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Goldstone, Gaza and (Dis)Proportionality: Three Strikes

JURIST Guest Columnists Laurie Blank of Emory Law's International Humanitarian Law Clinic and Gregory Gordon of the University of North Dakota School of Law say that the most glaring failure of the controversial Goldstone Commission Report on the Gaza conflict has gone unnoticed....


The Goldstone Commission Report on the January 2009 Israel-Palestinian conflict in Gaza — which comes before the United Nations today, November 4, 2009 — has been accused of failure on various levels. Many commentators argue that the Report fails the Israeli-Palestinian peace process. Some say it reflects a failure to understand the deeper historical realities of the Israeli-Palestinian conflict. Still others say it fails the originally conceived purpose of the United Nations Human Rights Council and fails the search for objective truth. Its most glaring failure, though, has gone unnoticed. The Report fails the law.

It does so by striking out in applying the law in three key areas. Strike One: the Report incorrectly claims Israel disproportionately attacked civilians. Strike Two: the Report unjustly accuses Israel of a disproportionate response to Hamas's attacks. Strike Three: the Report treats Israel and Hamas disproportionately by holding them to different standards.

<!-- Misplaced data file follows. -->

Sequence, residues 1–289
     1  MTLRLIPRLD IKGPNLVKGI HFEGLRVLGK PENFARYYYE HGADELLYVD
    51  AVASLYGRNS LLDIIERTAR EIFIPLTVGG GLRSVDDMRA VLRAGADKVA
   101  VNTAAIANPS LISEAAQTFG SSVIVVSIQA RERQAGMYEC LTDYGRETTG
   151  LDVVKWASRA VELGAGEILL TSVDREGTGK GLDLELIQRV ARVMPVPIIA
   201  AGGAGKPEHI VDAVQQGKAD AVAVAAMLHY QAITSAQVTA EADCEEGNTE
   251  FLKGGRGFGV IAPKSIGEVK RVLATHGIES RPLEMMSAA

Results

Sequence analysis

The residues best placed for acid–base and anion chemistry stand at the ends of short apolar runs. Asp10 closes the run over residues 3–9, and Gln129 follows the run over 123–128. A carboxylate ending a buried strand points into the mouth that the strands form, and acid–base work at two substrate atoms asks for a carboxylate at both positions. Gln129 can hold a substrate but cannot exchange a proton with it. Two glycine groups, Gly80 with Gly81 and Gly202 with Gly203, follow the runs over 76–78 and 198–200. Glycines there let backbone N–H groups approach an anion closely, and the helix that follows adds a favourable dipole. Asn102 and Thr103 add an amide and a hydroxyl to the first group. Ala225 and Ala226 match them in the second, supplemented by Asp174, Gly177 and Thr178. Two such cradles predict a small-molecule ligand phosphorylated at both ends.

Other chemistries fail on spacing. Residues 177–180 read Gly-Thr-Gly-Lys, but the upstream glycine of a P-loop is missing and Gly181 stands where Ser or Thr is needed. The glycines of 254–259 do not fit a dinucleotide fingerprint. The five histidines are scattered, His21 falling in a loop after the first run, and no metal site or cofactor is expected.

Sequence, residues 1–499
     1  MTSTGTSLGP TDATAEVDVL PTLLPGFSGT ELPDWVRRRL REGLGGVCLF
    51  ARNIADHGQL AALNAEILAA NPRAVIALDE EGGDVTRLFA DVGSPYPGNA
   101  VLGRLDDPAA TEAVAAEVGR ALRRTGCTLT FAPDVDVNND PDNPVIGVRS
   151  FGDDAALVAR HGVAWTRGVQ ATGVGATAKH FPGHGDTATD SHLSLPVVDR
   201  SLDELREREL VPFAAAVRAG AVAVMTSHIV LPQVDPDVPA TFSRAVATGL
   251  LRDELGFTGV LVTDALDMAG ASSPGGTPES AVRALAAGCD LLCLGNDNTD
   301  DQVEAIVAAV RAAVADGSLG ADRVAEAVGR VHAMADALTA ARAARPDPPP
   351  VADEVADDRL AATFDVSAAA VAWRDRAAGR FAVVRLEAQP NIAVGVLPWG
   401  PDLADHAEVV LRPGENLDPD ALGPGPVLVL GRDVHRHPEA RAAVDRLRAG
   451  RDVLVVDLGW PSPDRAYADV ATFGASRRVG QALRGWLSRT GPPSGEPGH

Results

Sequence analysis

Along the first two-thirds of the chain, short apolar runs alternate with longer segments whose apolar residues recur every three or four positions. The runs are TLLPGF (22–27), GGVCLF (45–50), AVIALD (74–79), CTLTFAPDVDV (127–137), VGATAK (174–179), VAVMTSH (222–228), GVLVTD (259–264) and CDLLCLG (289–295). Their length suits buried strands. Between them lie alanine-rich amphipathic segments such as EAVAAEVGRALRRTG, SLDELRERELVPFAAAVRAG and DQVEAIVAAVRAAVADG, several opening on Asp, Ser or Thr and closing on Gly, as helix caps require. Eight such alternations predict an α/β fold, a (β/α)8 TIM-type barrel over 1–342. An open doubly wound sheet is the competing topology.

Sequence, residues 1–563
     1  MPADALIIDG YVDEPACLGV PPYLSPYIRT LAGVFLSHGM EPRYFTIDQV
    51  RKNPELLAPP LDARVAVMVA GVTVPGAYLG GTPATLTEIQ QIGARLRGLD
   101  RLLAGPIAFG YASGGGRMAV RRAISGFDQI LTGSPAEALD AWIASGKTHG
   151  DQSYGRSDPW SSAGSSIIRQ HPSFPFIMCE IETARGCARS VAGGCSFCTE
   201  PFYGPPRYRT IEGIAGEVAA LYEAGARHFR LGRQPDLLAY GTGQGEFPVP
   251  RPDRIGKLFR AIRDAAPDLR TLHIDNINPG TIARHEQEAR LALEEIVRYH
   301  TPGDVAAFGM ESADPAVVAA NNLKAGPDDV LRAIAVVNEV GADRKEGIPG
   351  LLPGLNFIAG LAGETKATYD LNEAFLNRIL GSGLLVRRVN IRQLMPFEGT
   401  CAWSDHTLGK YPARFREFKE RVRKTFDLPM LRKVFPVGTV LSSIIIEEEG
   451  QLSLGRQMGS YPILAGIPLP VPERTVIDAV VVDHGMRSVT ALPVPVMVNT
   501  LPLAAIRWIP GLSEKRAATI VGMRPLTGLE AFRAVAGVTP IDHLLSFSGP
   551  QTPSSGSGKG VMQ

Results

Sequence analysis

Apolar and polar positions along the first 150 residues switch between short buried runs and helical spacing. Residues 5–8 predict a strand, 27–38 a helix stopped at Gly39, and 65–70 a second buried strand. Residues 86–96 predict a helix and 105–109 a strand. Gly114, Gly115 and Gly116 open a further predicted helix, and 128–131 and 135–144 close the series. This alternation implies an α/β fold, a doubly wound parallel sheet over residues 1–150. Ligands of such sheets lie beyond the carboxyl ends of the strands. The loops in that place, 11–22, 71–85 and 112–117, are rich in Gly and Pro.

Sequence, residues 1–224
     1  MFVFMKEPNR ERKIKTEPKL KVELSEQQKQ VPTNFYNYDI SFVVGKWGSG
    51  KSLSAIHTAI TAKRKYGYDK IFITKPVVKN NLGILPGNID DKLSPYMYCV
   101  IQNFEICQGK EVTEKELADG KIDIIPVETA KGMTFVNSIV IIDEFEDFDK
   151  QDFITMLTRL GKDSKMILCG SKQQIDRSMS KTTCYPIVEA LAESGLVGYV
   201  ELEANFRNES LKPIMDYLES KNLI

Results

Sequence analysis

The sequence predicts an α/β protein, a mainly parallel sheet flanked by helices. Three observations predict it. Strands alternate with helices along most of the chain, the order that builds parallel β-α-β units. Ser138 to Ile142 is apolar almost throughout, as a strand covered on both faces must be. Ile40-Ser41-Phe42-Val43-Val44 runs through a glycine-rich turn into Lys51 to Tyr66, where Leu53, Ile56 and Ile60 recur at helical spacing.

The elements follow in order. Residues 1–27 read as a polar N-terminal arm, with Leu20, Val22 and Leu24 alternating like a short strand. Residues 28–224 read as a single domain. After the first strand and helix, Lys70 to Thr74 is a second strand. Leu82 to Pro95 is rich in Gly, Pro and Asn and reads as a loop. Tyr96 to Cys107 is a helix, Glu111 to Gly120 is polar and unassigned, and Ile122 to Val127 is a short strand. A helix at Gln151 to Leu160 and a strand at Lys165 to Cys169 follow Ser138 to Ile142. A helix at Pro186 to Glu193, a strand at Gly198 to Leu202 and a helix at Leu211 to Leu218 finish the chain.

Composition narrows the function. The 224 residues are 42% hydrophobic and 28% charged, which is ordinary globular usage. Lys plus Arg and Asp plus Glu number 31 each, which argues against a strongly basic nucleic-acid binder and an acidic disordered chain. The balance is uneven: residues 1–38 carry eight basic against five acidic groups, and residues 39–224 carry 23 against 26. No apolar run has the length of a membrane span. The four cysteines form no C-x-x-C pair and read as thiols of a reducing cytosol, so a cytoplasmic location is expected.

Strike One

Jus in bello is the law governing conduct during war. One of its key principles is proportionality, which requires military personnel to take precautions in targeting the enemy to ensure that the expected civilian losses are not excessive compared to the anticipated military advantage. The commander's perspective at the time of the attack is the central focus. The law assesses whether his actions were reasonable given the information he had access to, taking into account the "fog of war." Proportionality is not measured after the fact by looking at actual civilian casualties or actual military advantages. If it were, no military could ever engage in any operations.

The Report turns proportionality's bedrock premise on its head. It relies substantively on information gathered after the fact and discounts contemporaneous Israeli intentions or actions and the surrounding circumstances. The Report also undermines its own legitimacy by automatically verifying one side's statements and impugning the other's. Israel's real-time information consists of mere "allegations," but retrospective information collected months later in Gaza consists of definitive "statements." Israel admittedly did not cooperate (given the commission's biased conception), but that cannot justify reliance on the wrong information.

Strike Two